Nelson Mandela, Martin Luther King Jr., Mahatma Gandhi et al. Our heroes and freedom fighters. We learn about them in school, we find books about them even when we are not looking: comics, children’s version, biographies; millions of articles online, detailed Wikipedia accounts- name it.
In light of International Women’s Day accept my late and retro post for #BeBoldForChange
Besides trying to explain to my daughter why witches are evil and wizards are geniuses when it’s technically the same “profession” beyond the gender, she wants to know why all the comics she has read on heroes are men with the exception of Wonder Woman (which has its own controversies).
Myself, so ingrained in the patriarchy of heroism, felt ashamed for exposing her to that without giving her the women alternatives.
Nelson Mandela was imprisoned for 27 years. During that time, who handled matters on the ground, who raised the children? Who perpetuated his voice to the masses while he was hidden away in prison, bound to be forgotten? When I watched a Mandela movie (one of the many), it painted Winnie in antagonistic light- we often think of her life as scandalous. Media paints her as ‘the controversial wife of Nelson Mandela’. Not to say that all she did was well, but would we have the same perception had she been a man? Freedom fighters are named so because they resisted. If they were men, they were heroes; if they were women, they were rebels.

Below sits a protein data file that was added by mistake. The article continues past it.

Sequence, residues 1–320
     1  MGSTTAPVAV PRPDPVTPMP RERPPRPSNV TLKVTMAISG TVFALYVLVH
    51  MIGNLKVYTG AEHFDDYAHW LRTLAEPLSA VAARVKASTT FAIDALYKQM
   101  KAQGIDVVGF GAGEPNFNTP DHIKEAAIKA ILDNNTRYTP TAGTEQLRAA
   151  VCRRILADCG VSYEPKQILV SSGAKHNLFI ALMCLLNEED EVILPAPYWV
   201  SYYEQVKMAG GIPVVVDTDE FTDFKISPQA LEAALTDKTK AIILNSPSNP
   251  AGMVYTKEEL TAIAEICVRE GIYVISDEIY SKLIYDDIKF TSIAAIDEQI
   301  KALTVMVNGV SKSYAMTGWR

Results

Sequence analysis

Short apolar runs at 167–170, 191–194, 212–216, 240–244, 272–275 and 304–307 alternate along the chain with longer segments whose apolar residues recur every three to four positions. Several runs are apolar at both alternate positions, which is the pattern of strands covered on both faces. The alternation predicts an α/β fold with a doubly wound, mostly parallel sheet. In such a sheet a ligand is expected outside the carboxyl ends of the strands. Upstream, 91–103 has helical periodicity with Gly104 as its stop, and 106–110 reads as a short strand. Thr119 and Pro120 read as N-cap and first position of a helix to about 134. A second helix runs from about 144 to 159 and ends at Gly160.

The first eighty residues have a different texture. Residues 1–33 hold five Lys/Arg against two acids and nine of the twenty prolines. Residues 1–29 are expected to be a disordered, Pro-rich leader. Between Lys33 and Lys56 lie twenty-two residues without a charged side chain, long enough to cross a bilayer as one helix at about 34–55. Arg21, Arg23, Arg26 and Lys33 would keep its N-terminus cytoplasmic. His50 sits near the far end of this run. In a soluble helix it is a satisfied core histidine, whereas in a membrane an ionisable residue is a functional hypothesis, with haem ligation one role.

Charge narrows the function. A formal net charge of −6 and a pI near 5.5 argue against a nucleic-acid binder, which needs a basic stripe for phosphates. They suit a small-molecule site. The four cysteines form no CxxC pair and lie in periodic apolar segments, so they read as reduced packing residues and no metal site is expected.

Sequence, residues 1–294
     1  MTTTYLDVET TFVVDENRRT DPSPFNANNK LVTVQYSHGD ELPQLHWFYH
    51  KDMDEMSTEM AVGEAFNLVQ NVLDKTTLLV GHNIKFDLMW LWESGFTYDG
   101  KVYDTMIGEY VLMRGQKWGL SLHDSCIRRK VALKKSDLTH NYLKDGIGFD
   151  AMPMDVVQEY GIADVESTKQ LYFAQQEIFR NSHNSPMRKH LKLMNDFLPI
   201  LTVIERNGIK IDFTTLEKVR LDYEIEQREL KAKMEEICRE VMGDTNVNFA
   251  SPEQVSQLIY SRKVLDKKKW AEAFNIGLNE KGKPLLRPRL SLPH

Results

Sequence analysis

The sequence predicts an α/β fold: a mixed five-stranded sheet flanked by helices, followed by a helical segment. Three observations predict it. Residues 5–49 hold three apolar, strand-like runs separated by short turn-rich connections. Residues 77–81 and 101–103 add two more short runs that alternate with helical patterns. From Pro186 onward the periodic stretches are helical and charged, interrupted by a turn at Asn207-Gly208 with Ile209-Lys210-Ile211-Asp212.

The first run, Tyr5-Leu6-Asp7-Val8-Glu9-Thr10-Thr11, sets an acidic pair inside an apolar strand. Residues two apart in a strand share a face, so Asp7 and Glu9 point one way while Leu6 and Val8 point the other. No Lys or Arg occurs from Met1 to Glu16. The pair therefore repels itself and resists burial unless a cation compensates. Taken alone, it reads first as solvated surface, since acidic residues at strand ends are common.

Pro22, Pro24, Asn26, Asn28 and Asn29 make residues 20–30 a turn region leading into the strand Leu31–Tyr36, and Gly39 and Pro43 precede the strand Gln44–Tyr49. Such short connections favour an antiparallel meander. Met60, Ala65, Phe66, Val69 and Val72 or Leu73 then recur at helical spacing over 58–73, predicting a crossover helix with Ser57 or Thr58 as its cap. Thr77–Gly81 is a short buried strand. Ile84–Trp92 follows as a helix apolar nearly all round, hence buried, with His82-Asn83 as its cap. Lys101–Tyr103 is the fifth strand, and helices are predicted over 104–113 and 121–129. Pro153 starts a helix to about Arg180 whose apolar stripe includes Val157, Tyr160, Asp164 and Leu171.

I only recently came to know that Gandhi’s wife, also a political activist, was called Kasturbai. I have my ignorance to blame. Yet, if the information was as readily available, I am sure I would have come across it regardless. The same way I constantly come across Gandhi’s quotes in all my social media feeds. Can any one reading this post quote Kasturbai without having to google it? This for instance, “There is no beauty in the finest cloth if it makes hunger and unhappiness.” A simple quote we can relate to a myriad injustices, which I will not list at this moment.
Corretta Scott King, considered one of the most influential women in the African-American Civil Rights Movement. She took charge of the racial equality struggle after Martin Luther King Jr. was assassinated. Did you know it was she who advocated to make his birthday a national holiday? Did you know she advocated for LGBT rights?
The older I get, the more appreciate the International Women’s Day, the more I acknowledge my ignorance, the more I search for these women heroes to share with my daughter, and the more I seek to be a little hero in my own way and capacity.
There is a joke that says behind every successful man is a frustrated woman. In reality, it should say, “In front of every successful man is a bold woman.”
Meanwhile, I have set a date to watch Hidden Figures as I wait for the upcoming film on a book I thoroughly enjoyed reading, ‘The Immortal Life of Henrietta Lacks’.
Which woman hero could you share a fact or two about with us?